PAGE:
With the Silurians taking over a third of the story to begin their plan of besieging a base under siege, it is a slow start, with the Doctor acting out of character (his rigging a nuclear reactor to overload as a distraction is ridiculously over the top and irresponsible) just to pad out part one and lead to the first hilariously bad moment of the story - the cliffhanger, when Turlough asserts the Doctor must have drowned when he had been in some water for scarcely a few seconds.
There's not much entertainment to be had from the slow invasion of the base, except for unintentional entertainment such as seeing the Doctor and Tegan trying to act as though Tegan's leg is trapped under a heavy door, when it visibly wobbles at the slightest movement.
The Myrka is hilariously bad, being both the best and the worst thing in the story, and the highlight/lowlight is when the evil base doctor tries to fight it before getting electriced.
The battle scenes between the Sea Devils and the base mannys are also laughable, because they are directed so badly and undramatically - the two sides standing around shooting at each other until occasionally a manny goes
At the end of the four episodes, every single guest character who had a speaking part is dead. "There should have been another way," says the Doctor, and I can't help thinking he's right, and that would have been to not watch this story at all.
In an attempt to make Warriors of the Deep look good by comparison, next we watched The Twin Dilemma, a story which always - and it really does seem to be always - comes last in fan polls. It isn't hard to see why: it is dreadful, with every part of the production (writing, acting, directing, design, and - of course - costumes) failing in such a way that even the few things that aren't so bad still seem bad because they are surrounded by other things that are bad. Take the Jocondan alien costumes, for example - in a lot of other stories of that era, they would have seemed perfectly alright.
As the first story with Colin Baker playing the Doctor, this is the first appearance of his costume and cost. Putting a cat badge on the coat is not enough to make it okay, and that is saying something! I wonder if the real reason Space Policeman Hugo Lang (played by Kevin McNally - he was in I Claudius a few years earlier, what did he do wrong to end up in this?) changes from his uniform into a loud, colourful shirt was to try and make the Doctor look good by comparison?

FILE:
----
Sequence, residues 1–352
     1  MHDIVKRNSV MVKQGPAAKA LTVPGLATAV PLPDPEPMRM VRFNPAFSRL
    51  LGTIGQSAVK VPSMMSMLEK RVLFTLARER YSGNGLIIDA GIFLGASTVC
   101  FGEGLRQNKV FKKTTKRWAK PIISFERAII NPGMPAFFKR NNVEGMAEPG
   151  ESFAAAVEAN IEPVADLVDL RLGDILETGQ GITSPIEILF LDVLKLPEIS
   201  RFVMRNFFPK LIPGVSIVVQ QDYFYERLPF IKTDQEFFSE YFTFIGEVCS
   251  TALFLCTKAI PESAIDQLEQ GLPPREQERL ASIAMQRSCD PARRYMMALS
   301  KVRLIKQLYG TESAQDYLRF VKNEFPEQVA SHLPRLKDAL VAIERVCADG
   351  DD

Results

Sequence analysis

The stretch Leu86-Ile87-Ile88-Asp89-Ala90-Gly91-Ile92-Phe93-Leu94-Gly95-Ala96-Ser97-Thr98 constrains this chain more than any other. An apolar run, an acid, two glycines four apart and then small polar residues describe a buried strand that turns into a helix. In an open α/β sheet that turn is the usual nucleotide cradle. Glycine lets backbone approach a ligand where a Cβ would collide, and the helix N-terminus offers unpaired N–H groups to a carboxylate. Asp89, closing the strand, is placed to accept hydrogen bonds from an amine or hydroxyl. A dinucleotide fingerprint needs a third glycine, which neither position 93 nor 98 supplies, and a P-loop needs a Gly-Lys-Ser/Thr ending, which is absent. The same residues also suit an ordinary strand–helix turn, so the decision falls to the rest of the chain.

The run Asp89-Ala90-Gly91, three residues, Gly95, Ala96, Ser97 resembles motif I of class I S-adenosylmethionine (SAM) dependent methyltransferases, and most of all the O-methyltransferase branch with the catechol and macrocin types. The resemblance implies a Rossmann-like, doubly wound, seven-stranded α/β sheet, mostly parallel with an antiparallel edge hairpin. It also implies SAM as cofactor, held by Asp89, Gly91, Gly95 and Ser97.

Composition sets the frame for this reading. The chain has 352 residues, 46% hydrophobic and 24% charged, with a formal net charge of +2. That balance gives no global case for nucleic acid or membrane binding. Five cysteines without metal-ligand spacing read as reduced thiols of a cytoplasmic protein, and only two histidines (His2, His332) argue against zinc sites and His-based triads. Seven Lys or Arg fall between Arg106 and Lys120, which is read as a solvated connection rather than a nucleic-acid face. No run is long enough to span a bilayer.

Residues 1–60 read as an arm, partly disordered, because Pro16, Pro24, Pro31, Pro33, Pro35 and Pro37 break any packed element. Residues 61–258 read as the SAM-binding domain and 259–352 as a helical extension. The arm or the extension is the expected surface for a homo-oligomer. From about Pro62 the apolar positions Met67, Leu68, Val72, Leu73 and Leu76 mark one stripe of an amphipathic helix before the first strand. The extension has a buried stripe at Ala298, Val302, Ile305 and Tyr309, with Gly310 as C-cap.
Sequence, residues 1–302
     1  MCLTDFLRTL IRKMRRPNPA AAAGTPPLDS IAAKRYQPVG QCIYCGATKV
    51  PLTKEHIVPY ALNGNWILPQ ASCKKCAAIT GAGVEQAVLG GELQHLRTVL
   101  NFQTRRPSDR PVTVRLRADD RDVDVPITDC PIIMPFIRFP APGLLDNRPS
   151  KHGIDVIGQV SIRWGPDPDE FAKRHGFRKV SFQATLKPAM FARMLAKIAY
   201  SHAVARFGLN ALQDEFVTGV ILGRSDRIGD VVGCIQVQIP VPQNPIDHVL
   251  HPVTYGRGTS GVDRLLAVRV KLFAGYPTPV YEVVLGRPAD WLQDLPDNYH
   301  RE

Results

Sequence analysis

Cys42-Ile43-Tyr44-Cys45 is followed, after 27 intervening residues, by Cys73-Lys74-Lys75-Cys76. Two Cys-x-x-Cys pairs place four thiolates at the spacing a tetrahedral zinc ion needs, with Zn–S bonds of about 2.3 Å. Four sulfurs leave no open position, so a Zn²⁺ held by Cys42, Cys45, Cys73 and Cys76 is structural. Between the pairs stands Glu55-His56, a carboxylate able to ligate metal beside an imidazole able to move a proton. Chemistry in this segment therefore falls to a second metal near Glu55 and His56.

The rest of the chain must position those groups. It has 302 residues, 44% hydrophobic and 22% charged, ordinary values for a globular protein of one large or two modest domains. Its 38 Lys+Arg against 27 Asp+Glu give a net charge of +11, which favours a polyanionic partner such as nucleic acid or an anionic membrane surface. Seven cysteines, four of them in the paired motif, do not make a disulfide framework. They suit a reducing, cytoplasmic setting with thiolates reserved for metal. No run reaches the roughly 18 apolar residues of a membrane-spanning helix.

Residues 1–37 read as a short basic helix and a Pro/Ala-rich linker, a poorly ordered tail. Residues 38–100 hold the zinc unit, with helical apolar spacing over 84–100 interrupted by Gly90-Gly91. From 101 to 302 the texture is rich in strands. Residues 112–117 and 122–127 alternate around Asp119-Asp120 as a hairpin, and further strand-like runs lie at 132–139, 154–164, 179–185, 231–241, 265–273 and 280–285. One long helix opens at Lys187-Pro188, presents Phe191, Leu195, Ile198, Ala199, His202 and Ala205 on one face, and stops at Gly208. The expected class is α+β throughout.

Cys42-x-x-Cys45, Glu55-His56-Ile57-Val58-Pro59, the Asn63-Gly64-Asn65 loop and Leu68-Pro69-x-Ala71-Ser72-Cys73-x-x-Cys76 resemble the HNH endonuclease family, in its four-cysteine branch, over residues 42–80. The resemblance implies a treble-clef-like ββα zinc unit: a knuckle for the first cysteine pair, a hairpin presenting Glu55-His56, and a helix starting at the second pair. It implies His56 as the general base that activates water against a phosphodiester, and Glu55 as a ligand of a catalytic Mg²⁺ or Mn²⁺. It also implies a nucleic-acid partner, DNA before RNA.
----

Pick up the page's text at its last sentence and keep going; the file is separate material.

It works about as well as our trying to make Warriors on the Cheap look good. Not very, mew.
The best thing that can be said in defence of The Twin Dilemma is that there are some quite witty lines of dialogue in part three.
The most unforgivable fault of The Twin Dilemma is, of course, the newly-regenerated Doctor's behaviour (which does indeed put the Doctor's out of character antics in the previous story into perspective), which should never have been done the way it was. The Peri-strangling scene may be the most infamous moment in the original series run, and may even have killed Colin Baker's era as the Doctor (he just took a couple of seasons to stop moving, that's all) by making him impossible for viewers to like and think of as the same Doctor as came before.
Having the Doctor act oddly for a time after regenerating is one thing, but this was exactly the way not to do it. It's horrible.
Delta and the Bannermen was, with hindsight, a mistake to include in a "worst" Doctor Who Night. It is actually pretty good - almost certainly the best story from Season 24, although that's not saying very much.
It is funny and silly and entertaining for the right reasons - the only reason I can think of that it might be considered bad is if you wanted to watch a serious science fiction story, as then you would be disappointed. Even the incidental music joins in by pastiching songs and music of the 1950s era where much of the plot takes place.
It is also three parts rather than four, so the plot zips along. The Doctor and Mel get involved in events quickly and Sylvester McCoy's Doctor seems properly the Doctor - even if he is still doing his getting-sayings-wrong thing of his early stories - in a way that the bad writing of Warriors of the Deep and Twin Dilemma meant Peter Davison and Colin Baker didn't.
It may deviate from the standard of Doctor Who's format as a lightweight comedy, but Delta and the Bannermen is easily the most Doctor Who of the three.